Newspaper Article 2017 – Bay hated Wellington cash grab

BAY HATED WELLINGTON CASH GRAB

Michael Fowler

Hawke’s Bay Anniversary Day is celebrated on the Friday before Labour Weekend, and celebrates the creation of the province of Hawke’s Bay after its separation from Wellington.

The actual date that Hawke’s Bay was named and proclaimed a province was November 1, 1858, by the Government, then situated in Auckland.

The sea area surrounding Hawke’s Bay is called Hawke Bay, and was named by Captain Cook in 1769. The inland area is Hawke’s Bay.

The provinces of New Zealand were created by Governor George Grey in 1853, and what is now Hawke’s Bay was included with Wellington.

Settlers in the Bay at that time were largely disinterested in politics.

Elections for the province took place prior to 1856 in Castle Point in Wairarapa, but no Hawke’s Bay settlers attended.

When two Bay representatives were allowed on the provincial council in 1856, an election took place for the first time in Napier that year.

During 1856 there was unrest among Bay settlers in regards to Wellington raising loans to finance public works and immigration.

Hawke’s Bay at that time had a large amount of unsold government land, which was given as security for the loans.

This would have been agreeable to Bay settlers, except that most of the public works was to be carried out in Wellington.

In the financial year ended December 31, 1856, the Wellington Provincial Government had spent £200 on a jail lock-up and £42 towards construction of Shakespeare Rd in Hawke’s Bay.

The money spent on Wellington public works that year was £21,105.

One of the elected members from Hawke’s Bay, T P Russell, held a public meeting in December 1856 to get support for a resolution to take to Wellington. The goal was to have the money raised in the Bay spent there, and its land only be used as security for loans if they related to the Bay.

At that meeting the Ahuriri Settlers Association was formed, and began to push for separation from Wellington.

The ancestor paper to Hawke’s Bay Today, the Hawke’s Bay Herald, was formed to push the separation issue.

The separation movement gained momentum when it was shown the Bay contributed £50,966 to provincial funds from customs revenue for the year ended December 31, 1857.

However Hawke’s Bay had only £5250 spent on public works that year, while Wellington had £74,169.

In 1858, the Stafford Government passed the new Provinces Act, which meant the Bay could petition the Government to form the province of Hawke’s Bay, having more than 1000 persons, and meeting the other criteria.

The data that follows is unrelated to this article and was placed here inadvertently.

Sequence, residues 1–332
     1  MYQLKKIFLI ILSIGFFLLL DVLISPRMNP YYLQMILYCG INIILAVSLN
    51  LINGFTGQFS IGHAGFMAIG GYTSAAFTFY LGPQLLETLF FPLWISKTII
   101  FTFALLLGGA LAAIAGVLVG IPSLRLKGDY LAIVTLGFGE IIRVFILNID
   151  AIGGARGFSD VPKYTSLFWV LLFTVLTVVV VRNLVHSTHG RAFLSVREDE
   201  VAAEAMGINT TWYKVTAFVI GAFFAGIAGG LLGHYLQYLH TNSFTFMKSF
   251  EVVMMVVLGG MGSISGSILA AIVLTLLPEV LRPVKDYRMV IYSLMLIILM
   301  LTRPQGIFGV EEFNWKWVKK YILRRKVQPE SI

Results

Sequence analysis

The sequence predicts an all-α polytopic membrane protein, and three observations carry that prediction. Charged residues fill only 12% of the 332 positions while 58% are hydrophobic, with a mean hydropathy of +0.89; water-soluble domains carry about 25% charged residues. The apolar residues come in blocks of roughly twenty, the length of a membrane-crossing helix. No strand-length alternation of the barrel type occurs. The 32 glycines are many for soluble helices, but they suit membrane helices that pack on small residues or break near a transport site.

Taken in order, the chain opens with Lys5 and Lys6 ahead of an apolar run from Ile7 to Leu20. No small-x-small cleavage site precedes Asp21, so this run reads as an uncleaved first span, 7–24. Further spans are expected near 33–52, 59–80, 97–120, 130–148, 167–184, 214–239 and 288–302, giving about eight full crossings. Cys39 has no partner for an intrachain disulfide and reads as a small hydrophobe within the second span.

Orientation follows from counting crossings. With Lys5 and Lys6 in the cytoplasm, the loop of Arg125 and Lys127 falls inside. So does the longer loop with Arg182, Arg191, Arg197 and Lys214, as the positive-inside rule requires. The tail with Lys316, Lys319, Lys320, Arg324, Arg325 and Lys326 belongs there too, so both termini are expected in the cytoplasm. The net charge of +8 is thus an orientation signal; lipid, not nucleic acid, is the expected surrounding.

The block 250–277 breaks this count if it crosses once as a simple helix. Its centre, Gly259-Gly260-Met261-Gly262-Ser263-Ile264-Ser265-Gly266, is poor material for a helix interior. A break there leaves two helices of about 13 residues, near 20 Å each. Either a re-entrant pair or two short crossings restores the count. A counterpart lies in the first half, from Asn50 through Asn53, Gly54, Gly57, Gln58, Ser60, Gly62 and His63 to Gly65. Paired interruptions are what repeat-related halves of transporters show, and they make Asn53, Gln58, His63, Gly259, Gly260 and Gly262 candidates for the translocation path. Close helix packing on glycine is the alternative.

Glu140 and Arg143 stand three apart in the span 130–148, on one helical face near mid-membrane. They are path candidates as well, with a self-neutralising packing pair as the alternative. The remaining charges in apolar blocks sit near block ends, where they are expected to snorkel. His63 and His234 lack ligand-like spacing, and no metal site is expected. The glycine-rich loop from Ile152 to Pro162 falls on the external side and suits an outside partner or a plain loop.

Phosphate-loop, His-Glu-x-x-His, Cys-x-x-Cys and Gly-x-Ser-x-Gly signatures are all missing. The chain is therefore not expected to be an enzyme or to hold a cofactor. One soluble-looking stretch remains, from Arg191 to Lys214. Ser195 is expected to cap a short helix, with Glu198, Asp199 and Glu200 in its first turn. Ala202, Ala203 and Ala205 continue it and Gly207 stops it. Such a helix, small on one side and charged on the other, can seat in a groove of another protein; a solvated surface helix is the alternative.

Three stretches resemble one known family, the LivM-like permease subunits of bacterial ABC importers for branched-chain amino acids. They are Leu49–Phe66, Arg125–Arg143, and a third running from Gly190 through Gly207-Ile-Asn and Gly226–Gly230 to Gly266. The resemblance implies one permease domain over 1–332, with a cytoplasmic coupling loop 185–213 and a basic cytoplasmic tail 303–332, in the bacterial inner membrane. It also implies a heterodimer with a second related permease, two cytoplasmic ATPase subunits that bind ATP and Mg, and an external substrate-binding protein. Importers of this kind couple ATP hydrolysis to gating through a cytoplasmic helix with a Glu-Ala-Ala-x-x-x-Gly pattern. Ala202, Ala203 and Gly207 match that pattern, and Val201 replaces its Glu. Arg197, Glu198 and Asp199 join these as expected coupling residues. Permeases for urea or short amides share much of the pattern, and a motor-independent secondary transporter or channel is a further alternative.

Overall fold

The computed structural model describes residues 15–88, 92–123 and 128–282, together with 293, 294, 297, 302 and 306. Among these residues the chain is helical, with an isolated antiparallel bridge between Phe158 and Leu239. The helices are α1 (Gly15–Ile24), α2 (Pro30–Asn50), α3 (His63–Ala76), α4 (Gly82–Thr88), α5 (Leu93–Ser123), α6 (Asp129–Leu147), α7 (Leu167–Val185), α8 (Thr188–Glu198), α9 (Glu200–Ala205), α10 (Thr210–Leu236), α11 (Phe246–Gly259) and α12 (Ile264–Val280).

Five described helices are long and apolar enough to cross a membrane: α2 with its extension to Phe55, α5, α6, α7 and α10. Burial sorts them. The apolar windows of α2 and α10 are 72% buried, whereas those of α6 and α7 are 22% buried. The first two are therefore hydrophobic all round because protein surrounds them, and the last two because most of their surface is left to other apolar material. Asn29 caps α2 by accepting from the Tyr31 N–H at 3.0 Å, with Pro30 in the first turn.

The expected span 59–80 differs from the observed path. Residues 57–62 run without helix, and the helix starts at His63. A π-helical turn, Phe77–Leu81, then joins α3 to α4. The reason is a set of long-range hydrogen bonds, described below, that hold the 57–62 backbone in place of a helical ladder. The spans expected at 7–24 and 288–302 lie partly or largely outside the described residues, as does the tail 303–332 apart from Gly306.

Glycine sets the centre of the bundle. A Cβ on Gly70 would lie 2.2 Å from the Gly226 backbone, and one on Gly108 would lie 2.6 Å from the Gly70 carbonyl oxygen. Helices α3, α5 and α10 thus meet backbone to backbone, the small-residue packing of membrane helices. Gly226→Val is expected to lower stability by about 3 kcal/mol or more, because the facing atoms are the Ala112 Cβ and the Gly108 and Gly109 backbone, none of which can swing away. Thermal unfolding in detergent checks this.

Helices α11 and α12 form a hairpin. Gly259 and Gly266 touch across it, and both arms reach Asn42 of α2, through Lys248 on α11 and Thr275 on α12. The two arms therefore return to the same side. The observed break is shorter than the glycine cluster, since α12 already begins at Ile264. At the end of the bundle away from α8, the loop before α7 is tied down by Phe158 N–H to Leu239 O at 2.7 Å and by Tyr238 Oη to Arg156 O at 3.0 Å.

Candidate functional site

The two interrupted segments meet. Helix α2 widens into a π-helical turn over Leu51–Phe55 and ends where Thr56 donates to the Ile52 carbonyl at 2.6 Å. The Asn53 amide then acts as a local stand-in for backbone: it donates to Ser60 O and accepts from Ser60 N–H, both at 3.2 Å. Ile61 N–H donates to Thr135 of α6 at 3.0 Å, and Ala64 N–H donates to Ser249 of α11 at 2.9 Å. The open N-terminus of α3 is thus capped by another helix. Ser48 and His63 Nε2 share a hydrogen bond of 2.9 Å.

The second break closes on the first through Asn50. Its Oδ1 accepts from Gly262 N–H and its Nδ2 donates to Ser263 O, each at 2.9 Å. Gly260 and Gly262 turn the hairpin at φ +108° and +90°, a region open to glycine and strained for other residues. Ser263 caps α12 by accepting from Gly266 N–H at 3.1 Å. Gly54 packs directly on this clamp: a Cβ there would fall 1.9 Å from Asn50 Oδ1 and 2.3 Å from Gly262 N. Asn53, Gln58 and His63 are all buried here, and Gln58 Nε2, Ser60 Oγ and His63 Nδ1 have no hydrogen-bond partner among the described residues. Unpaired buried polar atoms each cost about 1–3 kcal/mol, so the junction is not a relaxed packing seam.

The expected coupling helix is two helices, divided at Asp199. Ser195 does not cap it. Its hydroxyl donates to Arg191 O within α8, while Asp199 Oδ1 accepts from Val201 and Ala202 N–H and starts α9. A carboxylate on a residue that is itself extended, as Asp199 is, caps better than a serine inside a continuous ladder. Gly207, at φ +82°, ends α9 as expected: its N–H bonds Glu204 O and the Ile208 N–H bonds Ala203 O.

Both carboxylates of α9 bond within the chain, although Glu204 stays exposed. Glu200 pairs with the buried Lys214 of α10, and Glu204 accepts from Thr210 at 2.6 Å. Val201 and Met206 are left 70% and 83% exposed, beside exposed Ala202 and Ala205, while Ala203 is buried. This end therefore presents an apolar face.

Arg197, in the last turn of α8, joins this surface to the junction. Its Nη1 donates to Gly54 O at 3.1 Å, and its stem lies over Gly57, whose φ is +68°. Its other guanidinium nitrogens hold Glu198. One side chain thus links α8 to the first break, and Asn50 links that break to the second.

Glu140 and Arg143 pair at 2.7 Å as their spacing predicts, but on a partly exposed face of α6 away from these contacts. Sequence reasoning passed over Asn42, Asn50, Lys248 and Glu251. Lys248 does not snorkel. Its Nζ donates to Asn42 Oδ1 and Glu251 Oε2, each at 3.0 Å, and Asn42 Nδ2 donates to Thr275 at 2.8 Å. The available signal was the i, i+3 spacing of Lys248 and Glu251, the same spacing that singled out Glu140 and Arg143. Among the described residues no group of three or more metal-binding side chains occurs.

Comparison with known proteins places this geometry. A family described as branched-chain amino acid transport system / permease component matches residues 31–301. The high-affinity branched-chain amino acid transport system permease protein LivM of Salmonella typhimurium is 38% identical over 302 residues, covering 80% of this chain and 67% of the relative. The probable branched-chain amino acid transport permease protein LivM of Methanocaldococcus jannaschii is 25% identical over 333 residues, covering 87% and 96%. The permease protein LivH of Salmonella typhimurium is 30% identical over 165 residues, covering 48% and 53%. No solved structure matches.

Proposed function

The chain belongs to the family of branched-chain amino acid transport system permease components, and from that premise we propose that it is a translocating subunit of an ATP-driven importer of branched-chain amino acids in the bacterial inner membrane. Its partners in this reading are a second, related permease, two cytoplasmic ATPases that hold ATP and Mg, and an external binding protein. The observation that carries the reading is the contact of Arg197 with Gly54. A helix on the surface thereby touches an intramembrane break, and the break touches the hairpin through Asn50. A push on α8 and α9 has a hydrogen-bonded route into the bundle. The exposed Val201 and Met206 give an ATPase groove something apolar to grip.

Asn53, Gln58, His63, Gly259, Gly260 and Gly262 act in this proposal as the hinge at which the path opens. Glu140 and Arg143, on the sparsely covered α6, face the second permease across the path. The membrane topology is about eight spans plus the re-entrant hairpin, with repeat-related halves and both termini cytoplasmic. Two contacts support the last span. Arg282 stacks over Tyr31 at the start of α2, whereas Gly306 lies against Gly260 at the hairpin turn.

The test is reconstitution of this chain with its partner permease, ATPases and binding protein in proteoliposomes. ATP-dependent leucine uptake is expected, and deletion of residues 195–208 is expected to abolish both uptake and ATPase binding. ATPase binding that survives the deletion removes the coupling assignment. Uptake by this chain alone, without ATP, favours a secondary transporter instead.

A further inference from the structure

News that Hawke’s Bay had been created a province arrived by mail on the Arcadian from Auckland on November 12.

Hawke’s Bay was separated into six electoral areas with 10 representatives, being Napier (3), Napier County (2), Clive (1), Mohaka (1), Te Aute (1) and Waipukurau (2).

The first elections took place in February 1859. Provinces were abolished in 1876 when a nationwide system of counties was used as its replacement.

We still, however, commemorate the founding of our province, as do other provincial areas in New Zealand. While the centenary of the creation of Hawke’s Bay as a province was widely celebrated in 1958, it passed by hardly noticed in 2008 during its 150th.

“The goal was to have the money raised in the Bay spent there and its land only be used as security for loans”

Copies of Michael Fowler’s Hawke’s Bay Opera House: The first 100 years 1915 to 2015 are available for sale at the Hastings i-Site for $29.99.

Michael Fowler ([email protected]) is an EIT accounting lecturer, and in his spare time a recorder of Hawke’s Bay’s history.

Photo caption – LOOKING BACK: Napier in 1864, where two years earlier the first elections were held for representation in the Hawke’s Bay.   PHOTO/ COLLECTION OF HAWKE’S BAY MUSEUMS TRUST, RUAWHARO TA-U-RANGI, 296

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21 October 2017

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Hawke's Bay Today

Acknowledgements

Published with permission of Hawke's Bay Today and Michael Fowler

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534878

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